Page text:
Saturday, August 28, 2010

Guest Post by Alexis Bonari on KM

Augmented KM Success: Just Add Collaboration

Knowledge management is an invaluable tool for any business, but it’s best when collaboration is an active contributor. Where KM meets collaboration, information shouldn’t just be managed; it should be exchanged, archived, and made available to the entire company. Because all employees have the potential to contribute to a company’s strategies, tactics, and capabilities, a communal unit of stored knowledge is an ideal concept. But how can that idea become reality?

The Benefits of Collaborative KM

Traditional management techniques assign constrained, prioritized duties to employees and leave the brainstorming to a select few. That’s starting to look like a dated and myopic strategy as collaborative KM arrives at a variety of businesses and companies. Baseline, which identifies itself as a guide dedicated to planning and implementing next-generation IT solutions in business, has conducted a recent study of collaboration’s role in KM. Out of 342 managers, 33% stated that KM strategies had helped them to achieve their original KM business goals. However, out of the managers who used collaborative KM strategies, 58% achieved their goals. The collaborative facet of KM is revolutionizing the way companies run, interact with customers and partners, and relate to employees.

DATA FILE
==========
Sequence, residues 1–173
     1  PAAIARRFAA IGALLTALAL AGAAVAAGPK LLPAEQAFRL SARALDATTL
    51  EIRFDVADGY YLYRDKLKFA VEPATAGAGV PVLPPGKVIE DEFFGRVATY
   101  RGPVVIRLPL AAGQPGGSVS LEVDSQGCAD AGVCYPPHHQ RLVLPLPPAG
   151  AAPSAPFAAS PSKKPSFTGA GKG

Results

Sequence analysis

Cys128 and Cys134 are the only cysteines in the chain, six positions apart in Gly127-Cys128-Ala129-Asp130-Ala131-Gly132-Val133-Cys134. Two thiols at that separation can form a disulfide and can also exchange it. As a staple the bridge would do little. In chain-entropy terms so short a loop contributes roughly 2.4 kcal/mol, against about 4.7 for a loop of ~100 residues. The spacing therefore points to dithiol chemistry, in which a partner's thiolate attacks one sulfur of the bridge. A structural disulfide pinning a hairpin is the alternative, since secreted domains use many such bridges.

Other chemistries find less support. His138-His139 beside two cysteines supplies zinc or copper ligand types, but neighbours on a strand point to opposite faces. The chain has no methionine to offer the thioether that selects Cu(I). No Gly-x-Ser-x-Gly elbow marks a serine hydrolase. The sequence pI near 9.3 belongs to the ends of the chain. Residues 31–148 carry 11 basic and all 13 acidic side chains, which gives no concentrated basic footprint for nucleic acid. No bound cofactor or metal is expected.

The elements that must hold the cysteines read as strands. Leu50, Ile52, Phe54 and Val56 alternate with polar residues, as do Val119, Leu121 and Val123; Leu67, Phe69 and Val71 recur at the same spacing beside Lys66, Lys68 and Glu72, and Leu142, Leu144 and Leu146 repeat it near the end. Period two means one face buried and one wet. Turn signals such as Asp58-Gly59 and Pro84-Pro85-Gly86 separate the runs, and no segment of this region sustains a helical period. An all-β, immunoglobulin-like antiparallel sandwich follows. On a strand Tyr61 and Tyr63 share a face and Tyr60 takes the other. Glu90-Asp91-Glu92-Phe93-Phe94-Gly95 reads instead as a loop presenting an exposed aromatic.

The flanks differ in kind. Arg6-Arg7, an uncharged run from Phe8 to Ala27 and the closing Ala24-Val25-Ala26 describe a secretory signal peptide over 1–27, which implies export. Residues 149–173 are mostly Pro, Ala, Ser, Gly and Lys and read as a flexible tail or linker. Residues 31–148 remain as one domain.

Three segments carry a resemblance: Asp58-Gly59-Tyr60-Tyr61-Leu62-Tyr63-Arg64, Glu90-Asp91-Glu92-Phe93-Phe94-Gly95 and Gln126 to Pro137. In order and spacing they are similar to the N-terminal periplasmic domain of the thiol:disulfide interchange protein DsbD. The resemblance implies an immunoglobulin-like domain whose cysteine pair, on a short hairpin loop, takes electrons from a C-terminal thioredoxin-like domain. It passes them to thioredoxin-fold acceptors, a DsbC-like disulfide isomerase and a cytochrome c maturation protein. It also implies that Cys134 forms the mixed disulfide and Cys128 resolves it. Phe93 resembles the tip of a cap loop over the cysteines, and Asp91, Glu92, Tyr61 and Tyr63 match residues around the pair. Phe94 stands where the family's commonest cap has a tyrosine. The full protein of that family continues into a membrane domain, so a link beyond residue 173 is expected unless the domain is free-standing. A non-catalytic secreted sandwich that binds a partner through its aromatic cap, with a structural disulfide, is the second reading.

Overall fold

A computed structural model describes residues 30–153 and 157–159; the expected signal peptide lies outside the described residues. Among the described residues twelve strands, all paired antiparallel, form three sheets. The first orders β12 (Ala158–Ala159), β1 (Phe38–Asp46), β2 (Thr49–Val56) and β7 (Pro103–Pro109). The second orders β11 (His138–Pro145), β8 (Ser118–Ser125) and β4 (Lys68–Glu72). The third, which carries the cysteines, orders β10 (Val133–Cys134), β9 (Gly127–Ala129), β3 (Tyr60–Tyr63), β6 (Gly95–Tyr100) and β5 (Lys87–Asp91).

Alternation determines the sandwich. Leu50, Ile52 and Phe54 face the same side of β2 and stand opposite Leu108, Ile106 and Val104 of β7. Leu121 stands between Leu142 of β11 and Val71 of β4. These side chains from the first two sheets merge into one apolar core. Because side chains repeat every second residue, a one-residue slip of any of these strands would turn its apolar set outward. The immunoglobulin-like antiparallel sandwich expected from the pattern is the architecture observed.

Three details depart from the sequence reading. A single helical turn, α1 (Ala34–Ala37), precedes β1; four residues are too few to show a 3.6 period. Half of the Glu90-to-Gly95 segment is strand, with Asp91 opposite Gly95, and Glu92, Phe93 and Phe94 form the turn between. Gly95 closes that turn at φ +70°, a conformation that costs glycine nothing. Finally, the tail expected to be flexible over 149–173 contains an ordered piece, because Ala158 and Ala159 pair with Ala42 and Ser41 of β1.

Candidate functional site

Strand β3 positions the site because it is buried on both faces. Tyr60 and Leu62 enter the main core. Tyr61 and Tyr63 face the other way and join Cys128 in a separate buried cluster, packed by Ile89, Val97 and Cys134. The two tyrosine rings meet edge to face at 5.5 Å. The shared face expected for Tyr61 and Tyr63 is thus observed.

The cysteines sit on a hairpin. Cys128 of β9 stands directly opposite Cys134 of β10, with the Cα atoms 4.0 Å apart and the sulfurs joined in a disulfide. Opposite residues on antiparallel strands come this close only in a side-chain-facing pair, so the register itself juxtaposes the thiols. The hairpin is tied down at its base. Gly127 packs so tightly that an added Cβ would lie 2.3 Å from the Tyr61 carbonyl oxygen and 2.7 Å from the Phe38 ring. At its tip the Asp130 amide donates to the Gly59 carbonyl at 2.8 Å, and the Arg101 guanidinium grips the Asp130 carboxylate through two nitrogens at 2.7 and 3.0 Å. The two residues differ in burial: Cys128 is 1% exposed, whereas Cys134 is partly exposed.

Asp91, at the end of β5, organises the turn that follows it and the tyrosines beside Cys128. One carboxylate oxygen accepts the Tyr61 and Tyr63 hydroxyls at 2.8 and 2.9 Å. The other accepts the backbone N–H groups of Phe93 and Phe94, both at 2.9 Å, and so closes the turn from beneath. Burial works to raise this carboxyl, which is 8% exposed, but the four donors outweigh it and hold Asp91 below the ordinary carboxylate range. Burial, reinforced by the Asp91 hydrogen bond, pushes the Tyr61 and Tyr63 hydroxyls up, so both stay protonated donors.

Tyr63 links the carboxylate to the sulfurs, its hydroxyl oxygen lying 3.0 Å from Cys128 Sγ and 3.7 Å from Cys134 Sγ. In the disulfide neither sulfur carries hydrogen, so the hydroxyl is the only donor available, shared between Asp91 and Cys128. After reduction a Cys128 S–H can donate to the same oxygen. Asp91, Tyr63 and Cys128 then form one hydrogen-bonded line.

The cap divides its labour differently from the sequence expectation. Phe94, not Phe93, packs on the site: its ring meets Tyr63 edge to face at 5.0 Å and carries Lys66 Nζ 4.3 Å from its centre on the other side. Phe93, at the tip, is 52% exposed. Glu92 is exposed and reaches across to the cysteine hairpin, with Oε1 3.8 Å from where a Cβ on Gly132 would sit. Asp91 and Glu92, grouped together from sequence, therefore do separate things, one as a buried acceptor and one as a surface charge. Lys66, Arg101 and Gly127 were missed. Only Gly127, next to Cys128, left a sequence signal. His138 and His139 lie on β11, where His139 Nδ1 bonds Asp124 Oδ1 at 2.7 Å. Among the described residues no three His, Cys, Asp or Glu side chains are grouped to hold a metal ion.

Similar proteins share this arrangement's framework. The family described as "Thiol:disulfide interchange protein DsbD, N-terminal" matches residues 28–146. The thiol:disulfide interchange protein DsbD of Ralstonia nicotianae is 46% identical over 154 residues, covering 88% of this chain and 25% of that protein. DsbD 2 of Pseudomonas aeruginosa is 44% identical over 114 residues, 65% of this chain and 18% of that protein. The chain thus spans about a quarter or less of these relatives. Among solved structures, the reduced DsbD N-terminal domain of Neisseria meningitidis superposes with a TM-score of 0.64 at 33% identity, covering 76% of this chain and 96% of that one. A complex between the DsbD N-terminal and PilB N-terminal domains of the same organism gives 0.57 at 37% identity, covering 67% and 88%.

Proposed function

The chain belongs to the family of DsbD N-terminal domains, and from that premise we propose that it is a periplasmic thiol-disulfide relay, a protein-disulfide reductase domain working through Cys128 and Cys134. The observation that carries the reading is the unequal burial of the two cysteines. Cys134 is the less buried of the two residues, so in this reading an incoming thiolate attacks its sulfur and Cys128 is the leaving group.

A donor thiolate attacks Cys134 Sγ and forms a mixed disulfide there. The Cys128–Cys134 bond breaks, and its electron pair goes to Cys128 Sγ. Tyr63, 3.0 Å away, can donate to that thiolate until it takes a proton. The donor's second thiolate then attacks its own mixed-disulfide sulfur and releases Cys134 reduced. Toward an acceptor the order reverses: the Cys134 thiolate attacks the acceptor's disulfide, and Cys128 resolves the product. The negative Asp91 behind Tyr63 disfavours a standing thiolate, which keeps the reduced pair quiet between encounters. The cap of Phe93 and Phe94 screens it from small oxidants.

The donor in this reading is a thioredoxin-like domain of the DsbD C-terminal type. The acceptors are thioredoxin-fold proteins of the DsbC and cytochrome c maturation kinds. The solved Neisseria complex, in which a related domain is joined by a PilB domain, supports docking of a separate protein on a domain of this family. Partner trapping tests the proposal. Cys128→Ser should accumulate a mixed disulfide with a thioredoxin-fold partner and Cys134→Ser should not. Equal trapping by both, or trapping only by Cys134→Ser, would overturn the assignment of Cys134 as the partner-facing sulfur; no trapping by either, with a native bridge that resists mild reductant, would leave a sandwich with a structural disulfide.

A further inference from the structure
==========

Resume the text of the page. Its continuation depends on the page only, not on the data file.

Encouraging Collaboration

The first step to pursuing a knowledge-sharing initiative is to increase knowledge productivity among employees. One strategy to achieve this goal is the implementation of collaboration tools and applications. There’s a lot of software (such as CenterStage or KnowledgeBase Manager) aimed at the idea of collaborative KM, so it’s relatively easy to choose a set of tools for a specific business. Introducing collaborative tools to employees is the hard part, but successful implementers have some strong advice for managers who want to try out the tools. Staying serious about the company-wide use of the new tools is effective, but it’s also important to manage expectations and introduce the tools with deliberate care. With a younger set of employees, it helps to choose collaborative tools that use social network-based interfaces. Not only do these tools enjoy considerable popularity, but they also encourage employees to spend less time on Facebook and more time on the constructive, work-related version during office hours. Although 58% of managers stipulated that collaborative tools and systems had to be customized to maximize their potential, they agreed that collaborative KM benefits are worth the extra cost. 

Bio: Alexis Bonari is a freelance writer and blog junkie. She is currently a resident blogger at, researching areas of online degrees. In her spare time, she enjoys square-foot gardening, swimming, and avoiding her laptop.

Photo: Public Domain

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